\special{dvi2bitmap absolute crop left 5}

will change the output filename pattern for the rest of the DVI file, and set a 5pc margin round the bounding box. The current page, however, will have a left-hand crop five points in from the left hand side. Remember that TeX's origin is one inch from the left and the top of the paper, and it is with respect to this origin that the program reckons the absolute distances for the cropping.

2.3 Exit value

Exits with a non-zero status if there were any processing errors. Having no fonts present counts as a processing error.

If there is at least one font present, then missing fonts will be replaced by the first cmr10 font it finds, or a more-or-less randomly chosen alternative if that font is not used at all. The program will produce a warning if the -q option is not present, but it will return with a zero (success) status.

Exception: If the -n option (see 2.1 Options) is present, then the program returns success only if all fonts are present.

2.4 Examples

Basic usage examples.

% dvi2bitmap --resolution=110 --magnification=2 --scale=2 \
--output-type=gif hello.dvi

This converts the file hello.dvi to a GIF bitmap. It first sets the magnification factor to 2, so that the program uses a double-size font (eg, .../cmr10.220pk), then scales the bitmap down by a factor of 2 to obtain a bitmap of the correct size.

% dvi2bitmap -n -Qf --resolution=110 --magnification=1.5 \
--verbose=quiet hello.dvi
Qf cmr10 165 110 1.5 localfont

This reads the DVI file to find out what fonts are required, but does not process it further. It then tries to find the fonts, fails, and produces a list of parameters which could be used to generate the font files.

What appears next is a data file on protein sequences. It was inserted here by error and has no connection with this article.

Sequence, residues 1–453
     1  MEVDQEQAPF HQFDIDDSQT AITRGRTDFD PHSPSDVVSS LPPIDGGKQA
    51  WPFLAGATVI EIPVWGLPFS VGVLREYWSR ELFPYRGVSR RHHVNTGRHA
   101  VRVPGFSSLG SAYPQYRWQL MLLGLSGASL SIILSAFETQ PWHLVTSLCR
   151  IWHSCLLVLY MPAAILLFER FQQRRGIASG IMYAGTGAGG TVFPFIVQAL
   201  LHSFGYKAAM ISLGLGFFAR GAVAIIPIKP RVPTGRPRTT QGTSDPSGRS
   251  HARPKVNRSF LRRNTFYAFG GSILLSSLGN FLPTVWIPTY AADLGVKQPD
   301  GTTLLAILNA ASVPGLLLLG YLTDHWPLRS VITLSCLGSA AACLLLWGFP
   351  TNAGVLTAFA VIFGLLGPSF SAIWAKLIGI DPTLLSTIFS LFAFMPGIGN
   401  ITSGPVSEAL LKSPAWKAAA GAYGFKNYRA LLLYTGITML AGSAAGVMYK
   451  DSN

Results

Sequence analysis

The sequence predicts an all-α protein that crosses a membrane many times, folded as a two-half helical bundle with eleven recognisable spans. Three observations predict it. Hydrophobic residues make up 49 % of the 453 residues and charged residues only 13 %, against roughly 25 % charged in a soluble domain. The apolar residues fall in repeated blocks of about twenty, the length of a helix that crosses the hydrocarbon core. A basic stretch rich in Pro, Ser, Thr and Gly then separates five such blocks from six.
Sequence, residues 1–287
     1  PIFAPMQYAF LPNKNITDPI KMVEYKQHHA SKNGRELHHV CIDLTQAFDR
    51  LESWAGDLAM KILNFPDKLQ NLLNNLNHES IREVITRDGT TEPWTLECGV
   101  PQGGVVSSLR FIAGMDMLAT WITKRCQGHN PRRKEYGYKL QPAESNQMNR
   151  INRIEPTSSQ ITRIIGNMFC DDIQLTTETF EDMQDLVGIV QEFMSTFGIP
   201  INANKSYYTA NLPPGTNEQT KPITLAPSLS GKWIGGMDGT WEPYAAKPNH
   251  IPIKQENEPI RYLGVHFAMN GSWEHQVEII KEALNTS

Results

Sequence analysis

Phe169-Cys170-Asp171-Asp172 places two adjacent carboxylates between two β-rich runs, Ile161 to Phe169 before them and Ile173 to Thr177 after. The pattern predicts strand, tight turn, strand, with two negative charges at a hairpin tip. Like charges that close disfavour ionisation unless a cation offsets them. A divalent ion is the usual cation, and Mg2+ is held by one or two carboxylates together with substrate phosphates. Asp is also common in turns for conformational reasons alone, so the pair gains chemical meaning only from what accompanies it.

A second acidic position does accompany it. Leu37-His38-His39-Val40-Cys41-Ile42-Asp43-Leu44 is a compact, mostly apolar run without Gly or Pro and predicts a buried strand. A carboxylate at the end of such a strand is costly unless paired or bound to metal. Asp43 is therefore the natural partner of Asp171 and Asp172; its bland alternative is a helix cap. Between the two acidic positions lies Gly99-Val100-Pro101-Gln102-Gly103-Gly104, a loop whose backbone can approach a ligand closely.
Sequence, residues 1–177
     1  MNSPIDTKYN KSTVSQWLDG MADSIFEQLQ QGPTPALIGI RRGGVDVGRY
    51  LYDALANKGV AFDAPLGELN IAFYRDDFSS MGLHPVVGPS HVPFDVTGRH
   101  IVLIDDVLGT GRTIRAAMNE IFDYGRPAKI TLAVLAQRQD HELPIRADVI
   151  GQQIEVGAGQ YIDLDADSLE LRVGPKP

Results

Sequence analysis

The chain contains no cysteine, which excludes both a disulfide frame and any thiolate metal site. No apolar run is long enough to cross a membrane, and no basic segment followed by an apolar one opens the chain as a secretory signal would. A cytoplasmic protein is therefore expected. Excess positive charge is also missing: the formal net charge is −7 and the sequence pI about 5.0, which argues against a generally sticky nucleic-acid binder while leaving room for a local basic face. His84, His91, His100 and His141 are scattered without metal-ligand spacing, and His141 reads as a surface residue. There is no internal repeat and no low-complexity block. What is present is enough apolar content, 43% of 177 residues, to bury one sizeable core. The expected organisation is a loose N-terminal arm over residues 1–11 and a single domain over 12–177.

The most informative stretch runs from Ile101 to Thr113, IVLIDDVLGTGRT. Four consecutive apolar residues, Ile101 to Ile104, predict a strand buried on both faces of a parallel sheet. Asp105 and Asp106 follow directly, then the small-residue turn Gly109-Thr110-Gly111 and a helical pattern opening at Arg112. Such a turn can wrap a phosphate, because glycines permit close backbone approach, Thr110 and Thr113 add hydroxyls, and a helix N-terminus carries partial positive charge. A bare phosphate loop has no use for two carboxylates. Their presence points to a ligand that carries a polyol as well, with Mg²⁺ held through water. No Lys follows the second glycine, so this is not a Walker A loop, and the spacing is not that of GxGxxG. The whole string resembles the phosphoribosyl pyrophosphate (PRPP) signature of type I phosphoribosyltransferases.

See also 2.5 Finding and generating fonts, and see 3 Usage notes for more elaborate examples of use.

2.5 Finding and generating fonts

2.5.1 Finding fonts

The program searches for fonts using a number of mechanisms.

  1. The -fp option (see above) specifies a colon-separated list of filename templates which should be searched for font PK files. If this is given on the command line, it overrides...

  2. The DVI2BITMAP_PK_PATH environment variable, if defined, specifies a colon-separated list of filename templates which are to be searched for PK files.

  3. If the program cannot find fonts using the environment variable, and if it was configured with support for the kpathsea library (see ), then it should find PK files using the same mechanism other DVI processors use.

  4. dvi2bitmap can be configured to use a script to find fonts. If the program was not configured to use kpathsea or the search fails, then the program invokes a script which knows where to find font files, given a search pattern, and which returns a single line containing a discovered font filename. See .

The third method is the ideal -- you should build dvi2bitmap using the kpathsea library if possible (see 5.1 Obtaining the kpathsea library for how to obtain it): it is because other DVI-processing programs like dvips and xdvi are built with the kpathsea library, that you normally never have to worry about where fonts live. The kpathsea library is generally integrated with the font-generation commands, and can be queried using the kpsewhich command.

There are one or two possible wrinkles with the third method. The path-searching library is very powerful and flexible, but it is possible to be tripped up by its configuration file.

Firstly, the program has to find the configuration file. The program should sort this out for itself at configuration time, but it is possible that you might have to give it some help. If you specify the TEXMFCNF environment variable, setting it to the directory which contains your TeX installation's texmf.cnf file, then this overrides the program's notion of where the configuration should be. You can find this file using the command kpsewhich cnf texmf.cnf.

Secondly, it's possible to break the configuration file. Certain TeX distributions (the ones that came with early RedHat 6.x distributions are ones I know about) are broken in an unfortunate way. See 2.5.2 Not finding fonts for a discussion.

2.5.2 Not finding fonts